Recruitment

by Kate Russell

Assessment centres

An assessment centre is a process in which candidates undertake a range of different activities, all designed to allow them to demonstrate their skills while being observed.

Benefits

  • They are far more accurate than a standard recruitment process as they allow a broader range of selection methods to be used during the process.
  • They enable interviewers to assess existing performance as well as predict future job performance.
  • They give the opportunity to assess and differentiate between candidates who seem very similar - in terms of quality - on paper.
  • They give the candidates a better insight into the role as they are tested on exercises, which are typical for the role they have applied for.
  • They help employers build an employer brand. Candidates who attend assessment centres which genuinely reflect the job and the organisation are often impressed by that company, even if they are rejected.
  • The cost of an assessment centre is usually cheaper compared with the potential cost of many recruitment phases and the cost of recruitment errors.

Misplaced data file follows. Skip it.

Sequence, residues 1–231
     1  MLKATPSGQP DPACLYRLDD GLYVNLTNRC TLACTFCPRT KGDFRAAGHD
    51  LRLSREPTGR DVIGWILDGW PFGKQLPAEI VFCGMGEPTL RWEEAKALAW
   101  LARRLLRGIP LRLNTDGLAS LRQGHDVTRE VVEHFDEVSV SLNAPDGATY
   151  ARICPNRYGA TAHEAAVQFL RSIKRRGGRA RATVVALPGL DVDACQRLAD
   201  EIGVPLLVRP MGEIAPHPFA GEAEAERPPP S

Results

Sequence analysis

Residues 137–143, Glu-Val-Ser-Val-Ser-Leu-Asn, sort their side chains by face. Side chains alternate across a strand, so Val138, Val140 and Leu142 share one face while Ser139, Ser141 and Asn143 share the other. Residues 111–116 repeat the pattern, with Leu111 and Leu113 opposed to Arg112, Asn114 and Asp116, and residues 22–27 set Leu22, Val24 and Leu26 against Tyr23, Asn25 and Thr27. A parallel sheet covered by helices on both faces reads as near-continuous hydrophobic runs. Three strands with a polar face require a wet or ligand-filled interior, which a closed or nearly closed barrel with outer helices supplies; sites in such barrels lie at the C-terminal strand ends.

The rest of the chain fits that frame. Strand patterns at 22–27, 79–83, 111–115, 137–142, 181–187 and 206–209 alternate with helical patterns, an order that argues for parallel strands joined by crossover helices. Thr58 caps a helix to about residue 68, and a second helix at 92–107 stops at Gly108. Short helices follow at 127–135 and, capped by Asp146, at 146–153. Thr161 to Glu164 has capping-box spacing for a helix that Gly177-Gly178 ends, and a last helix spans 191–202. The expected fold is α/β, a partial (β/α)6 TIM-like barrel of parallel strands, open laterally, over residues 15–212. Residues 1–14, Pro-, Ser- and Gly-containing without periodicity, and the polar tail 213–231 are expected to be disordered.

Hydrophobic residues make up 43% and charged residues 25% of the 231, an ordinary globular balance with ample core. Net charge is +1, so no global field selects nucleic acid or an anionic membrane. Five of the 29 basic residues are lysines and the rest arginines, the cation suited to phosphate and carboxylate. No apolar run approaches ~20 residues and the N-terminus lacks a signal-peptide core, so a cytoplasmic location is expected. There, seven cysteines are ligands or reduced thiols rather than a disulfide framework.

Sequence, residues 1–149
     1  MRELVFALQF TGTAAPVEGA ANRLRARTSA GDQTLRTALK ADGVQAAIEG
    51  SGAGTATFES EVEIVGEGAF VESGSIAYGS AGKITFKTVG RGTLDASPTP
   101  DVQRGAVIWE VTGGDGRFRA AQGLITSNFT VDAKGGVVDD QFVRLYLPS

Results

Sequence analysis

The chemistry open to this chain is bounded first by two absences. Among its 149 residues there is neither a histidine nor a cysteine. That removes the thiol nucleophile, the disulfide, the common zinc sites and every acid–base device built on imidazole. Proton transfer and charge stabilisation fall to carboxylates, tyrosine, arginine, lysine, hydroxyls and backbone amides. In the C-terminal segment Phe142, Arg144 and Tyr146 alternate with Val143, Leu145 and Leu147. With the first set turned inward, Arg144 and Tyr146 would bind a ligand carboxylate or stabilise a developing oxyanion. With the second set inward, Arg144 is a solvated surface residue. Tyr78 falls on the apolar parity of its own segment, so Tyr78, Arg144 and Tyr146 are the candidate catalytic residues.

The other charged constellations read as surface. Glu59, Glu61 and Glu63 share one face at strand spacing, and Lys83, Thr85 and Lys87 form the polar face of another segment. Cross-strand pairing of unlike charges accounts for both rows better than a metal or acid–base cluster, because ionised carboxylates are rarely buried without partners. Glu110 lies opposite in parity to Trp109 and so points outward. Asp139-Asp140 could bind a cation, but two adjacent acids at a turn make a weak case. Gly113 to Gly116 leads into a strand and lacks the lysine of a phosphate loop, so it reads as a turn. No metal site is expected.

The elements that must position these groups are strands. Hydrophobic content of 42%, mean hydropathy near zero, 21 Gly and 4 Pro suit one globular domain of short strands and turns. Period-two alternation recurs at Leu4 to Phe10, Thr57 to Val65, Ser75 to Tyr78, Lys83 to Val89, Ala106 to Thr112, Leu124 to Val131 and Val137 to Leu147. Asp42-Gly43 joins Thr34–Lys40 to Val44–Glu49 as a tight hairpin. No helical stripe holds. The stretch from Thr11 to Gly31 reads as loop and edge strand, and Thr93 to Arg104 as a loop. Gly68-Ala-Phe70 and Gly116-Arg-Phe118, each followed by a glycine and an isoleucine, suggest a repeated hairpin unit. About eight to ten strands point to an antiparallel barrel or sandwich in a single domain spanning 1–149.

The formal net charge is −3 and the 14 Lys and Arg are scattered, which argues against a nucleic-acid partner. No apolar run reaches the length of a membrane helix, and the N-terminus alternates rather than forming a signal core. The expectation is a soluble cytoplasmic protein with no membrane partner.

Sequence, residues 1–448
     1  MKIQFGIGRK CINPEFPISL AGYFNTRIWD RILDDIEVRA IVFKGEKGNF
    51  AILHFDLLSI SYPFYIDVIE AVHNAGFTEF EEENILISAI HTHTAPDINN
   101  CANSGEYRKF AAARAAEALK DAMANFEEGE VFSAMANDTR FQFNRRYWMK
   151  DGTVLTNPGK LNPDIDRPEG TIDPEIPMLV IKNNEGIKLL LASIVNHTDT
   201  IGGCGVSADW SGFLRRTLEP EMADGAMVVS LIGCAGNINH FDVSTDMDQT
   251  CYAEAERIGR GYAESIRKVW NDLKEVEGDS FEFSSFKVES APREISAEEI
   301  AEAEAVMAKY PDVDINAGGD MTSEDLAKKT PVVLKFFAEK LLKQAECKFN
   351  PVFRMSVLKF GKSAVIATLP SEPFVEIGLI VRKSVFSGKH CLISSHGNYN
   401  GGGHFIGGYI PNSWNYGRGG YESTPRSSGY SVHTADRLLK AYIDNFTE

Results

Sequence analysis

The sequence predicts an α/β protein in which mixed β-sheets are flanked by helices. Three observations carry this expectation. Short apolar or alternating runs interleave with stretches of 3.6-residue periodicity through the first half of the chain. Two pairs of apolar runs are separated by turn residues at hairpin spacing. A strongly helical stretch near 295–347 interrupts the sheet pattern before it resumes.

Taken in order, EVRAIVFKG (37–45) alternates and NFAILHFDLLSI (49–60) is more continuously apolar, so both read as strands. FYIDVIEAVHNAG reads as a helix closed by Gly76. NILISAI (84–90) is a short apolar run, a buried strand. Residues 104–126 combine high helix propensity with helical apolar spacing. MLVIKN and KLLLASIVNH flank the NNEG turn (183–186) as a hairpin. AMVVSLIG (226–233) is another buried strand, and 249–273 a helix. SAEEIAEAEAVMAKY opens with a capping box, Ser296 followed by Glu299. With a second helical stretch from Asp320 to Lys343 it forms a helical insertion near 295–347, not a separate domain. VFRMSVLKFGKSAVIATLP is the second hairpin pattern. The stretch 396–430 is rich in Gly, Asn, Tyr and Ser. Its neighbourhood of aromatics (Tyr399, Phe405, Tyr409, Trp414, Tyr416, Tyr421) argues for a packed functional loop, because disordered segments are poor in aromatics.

• They are a fair process – they complement an organisation’s diversity agenda and ensure that people are selected on the basis of merit alone.

Typically, an assessment centre will include the following components:

  • An interview
  • Preparation and delivery of a presentation
  • Aptitude tests and personality profiling
  • Group exercises at which participants are observed.

This enables the recruiting company to amass information in much more depth than an interview alone could provide.

You must ensure that reasonable adjustments are made to enable candidates with a disability to participate.

To choose the exercises for selecting candidates at an assessment centre, conduct a job analysis and prepare a job description and competency profile. The exercises selected should be relevant to the role.

Make sure you create a level playing field for internal and external candidates. Assessors should not use prior knowledge about internal candidates when scoring them.

Be prepared to provide meaningful feedback to candidates who have attended an assessment centre.

The process can be costly, but its success rate is likely to be in the region of 85 per cent.

The information that is gathered by an assessment centre about the successful candidate can be carried forward into their personal development plan.